In any con­cept, Amer­i­can or oth­er­wise, there are cer­tain fac­tors that the group looks for when it comes to fran­chises. “The food has to be good, the con­cept has to be well ac­cepted, and the peo­ple be­hind it should be easy to talk to. This was the rea­son why launch­ing con­cepts like Denny’s has been suc­cess­ful in the Philip­pines. When I talk to them, I make a pre­sen­ta­tion where I high­light the pop­u­la­tion, the growth po­ten­tial, and the sit­u­a­tion of the F&B in­dus­try in the coun­try, in­clud­ing the rise of re­sorts and casi­nos and this helps en­cour­age them.” She says that even though they al­ready have many brands un­der their group, they will con­tinue to bring in new fran­chises

We have all be­come so fa­mil­iar with Amer­i­can cul­ture and life­style that nat­u­rally fa­vor­ing Amer­i­can food

has be­come sec­ond na­ture.

in the com­ing years. “We will con­tinue to grow as long as there is po­ten­tial.”

Tak­ing Com­fort

Ana Loren­zana-de Ocampo at­tributes the Filipinos’ affin­ity for Amer­i­can food to the fact that a lot of us choose it as a des­ti­na­tion for long va­ca­tions and are there­fore more fa­mil­iar with it. “US brands that have been there for a long time have al­ready been tested, there is a mar­ket for it and there is less risk than bring­ing in some­thing that no­body has heard of. Be­sides, our palate is more Amer­i­can than any­thing and we have grown up with a lot of stuff from Amer­ica.” In the fourth quar­ter of the year, she opened Pink’s Hot­dogs.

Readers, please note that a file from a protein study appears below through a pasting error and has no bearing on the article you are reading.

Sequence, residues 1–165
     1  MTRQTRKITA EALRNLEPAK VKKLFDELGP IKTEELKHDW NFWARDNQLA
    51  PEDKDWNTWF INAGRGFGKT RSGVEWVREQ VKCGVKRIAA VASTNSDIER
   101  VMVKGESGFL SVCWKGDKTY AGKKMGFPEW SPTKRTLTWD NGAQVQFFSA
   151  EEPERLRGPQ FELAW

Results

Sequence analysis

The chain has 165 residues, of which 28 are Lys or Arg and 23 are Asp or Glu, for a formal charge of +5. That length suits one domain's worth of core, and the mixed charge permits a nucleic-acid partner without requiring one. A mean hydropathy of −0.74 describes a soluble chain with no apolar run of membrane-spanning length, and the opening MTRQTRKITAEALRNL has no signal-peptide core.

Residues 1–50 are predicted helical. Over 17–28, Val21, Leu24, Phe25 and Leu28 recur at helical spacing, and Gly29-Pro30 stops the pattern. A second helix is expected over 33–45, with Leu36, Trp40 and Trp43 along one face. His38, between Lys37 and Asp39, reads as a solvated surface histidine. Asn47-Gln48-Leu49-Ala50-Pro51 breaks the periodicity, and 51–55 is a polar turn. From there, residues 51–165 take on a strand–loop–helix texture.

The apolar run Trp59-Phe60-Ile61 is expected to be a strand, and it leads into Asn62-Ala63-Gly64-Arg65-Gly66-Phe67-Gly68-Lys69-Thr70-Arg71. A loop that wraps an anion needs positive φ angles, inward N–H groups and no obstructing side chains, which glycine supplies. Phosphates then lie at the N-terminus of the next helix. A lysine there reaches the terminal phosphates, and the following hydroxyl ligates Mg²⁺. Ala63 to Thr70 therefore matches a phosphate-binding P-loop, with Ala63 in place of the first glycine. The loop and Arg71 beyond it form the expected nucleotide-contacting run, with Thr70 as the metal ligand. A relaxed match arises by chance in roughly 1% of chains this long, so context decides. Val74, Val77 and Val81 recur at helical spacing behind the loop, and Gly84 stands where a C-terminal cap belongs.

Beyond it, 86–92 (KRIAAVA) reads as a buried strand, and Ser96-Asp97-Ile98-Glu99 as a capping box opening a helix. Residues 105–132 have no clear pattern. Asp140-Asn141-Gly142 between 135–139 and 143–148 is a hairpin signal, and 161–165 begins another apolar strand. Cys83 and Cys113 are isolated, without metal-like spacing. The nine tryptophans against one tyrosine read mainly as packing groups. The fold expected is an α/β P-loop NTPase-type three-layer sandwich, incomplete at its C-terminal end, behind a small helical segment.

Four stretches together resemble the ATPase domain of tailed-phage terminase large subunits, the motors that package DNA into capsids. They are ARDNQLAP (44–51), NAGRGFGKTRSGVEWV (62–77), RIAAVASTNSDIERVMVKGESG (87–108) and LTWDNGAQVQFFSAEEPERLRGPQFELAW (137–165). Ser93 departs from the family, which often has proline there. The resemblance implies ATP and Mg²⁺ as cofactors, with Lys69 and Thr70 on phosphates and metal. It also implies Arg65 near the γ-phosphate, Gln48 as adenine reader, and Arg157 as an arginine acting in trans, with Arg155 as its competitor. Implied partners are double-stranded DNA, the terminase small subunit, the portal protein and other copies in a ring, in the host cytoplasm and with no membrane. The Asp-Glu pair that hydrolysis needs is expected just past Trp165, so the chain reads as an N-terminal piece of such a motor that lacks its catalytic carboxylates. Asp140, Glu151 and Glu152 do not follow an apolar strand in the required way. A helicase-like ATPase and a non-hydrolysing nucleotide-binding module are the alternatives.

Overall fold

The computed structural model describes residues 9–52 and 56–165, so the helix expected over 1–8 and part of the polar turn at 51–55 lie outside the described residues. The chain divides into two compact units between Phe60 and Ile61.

“We de­cided to bring it in be­cause we be­lieve in the prod­uct and think that it is a fit for the mar­ket. Filipinos like hot­dogs; it is one of our pri­mary com­fort foods. What we did with Pink’s is to bring hot­dogs to an­other level with more el­e­vated in­gre­di­ents,” she ex­plains. For one, the ex­pe­ri­ence is dif­fer­ent, as Pink’s in the US is for curb­side eat­ing while in Manila, de Ocampo’s guests can dine in the com­fort of an air-con­di­tioned room. The prod­uct names are dif­fer­ent too, as they had to make it eas­ier for the Pi­noy cus­tomer to make a choice. Pink’s menu in the US taps into the Hol­ly­wood cul­ture with names such as the Char­lie Chap­lin, while here, she and her team found it eas­ier to call a wasabi- fla­vored and nori- topped sausage a Ja­panese Dog for eas­ier re­call and brand­ing.

Her chal­lenge with Pink’s is that the hot­dogs fol­low the for­mula and yet are made fresh in the Philip­pines. The wieners are not frozen and shipped from the States, and it was a chal­lenge to of­fer the ex­act same thing given the avail­abil­ity of in­gre­di­ents. She is happy that they were given the trust and free­dom to op­er­ate by the own­ers, even though it was the lat­ter’s first time to ven­ture over­seas. “We be­lieve in the brand, it has been time-tested be­cause it has been around since the 1930s. We have learned a lot from them, too. We know a good hot­dog, but we had no idea what a per­fect hot­dog would be, so it would be to­tally dif­fer­ent from cre­at­ing some­thing on your own.” Her ex­per­tise from the other two brands comes in at other as­pects, as they make their own hot­dog buns and their own ice creams and so­das. “A hot­dog bun is eas­ier to make than a baguette,” she smiles.